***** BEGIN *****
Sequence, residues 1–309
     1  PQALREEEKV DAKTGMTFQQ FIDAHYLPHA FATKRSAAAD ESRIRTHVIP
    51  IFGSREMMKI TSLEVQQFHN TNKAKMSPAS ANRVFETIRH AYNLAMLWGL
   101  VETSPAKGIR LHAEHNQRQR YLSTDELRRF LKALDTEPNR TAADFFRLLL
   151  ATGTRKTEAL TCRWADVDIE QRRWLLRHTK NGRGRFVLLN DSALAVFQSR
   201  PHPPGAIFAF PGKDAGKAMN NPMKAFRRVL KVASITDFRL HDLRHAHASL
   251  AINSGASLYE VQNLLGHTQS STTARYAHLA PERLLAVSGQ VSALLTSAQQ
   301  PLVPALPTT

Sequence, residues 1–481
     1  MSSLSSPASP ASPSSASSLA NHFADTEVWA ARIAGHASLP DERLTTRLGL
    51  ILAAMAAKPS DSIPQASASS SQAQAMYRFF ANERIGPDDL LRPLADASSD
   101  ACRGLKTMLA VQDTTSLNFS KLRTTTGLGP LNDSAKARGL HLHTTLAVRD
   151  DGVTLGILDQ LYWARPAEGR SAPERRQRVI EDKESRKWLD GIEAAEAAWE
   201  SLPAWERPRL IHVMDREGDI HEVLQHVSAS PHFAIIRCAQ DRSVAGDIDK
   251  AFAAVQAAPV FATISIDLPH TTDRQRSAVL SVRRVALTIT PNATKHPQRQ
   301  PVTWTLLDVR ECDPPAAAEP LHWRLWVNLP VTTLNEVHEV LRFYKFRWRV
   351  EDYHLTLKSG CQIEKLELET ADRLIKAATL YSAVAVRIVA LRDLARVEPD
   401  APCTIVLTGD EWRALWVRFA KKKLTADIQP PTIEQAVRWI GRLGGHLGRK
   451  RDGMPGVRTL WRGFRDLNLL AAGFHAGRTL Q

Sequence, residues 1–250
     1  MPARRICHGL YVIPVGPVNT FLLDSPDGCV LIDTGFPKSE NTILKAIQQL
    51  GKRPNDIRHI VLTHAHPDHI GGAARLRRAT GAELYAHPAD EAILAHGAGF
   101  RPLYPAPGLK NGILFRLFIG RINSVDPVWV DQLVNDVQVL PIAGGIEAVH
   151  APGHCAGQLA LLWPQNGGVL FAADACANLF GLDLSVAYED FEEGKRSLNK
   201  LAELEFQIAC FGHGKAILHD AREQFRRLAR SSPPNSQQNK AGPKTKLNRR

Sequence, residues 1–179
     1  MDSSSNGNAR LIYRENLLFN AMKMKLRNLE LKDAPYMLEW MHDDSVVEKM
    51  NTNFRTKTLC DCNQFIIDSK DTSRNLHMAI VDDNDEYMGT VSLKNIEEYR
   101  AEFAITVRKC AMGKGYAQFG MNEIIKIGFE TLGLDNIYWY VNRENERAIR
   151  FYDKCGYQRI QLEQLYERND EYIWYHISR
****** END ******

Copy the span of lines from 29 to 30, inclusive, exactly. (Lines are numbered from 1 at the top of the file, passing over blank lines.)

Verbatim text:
   101  AEFAITVRKC AMGKGYAQFG MNEIIKIGFE TLGLDNIYWY VNRENERAIR
   151  FYDKCGYQRI QLEQLYERND EYIWYHISR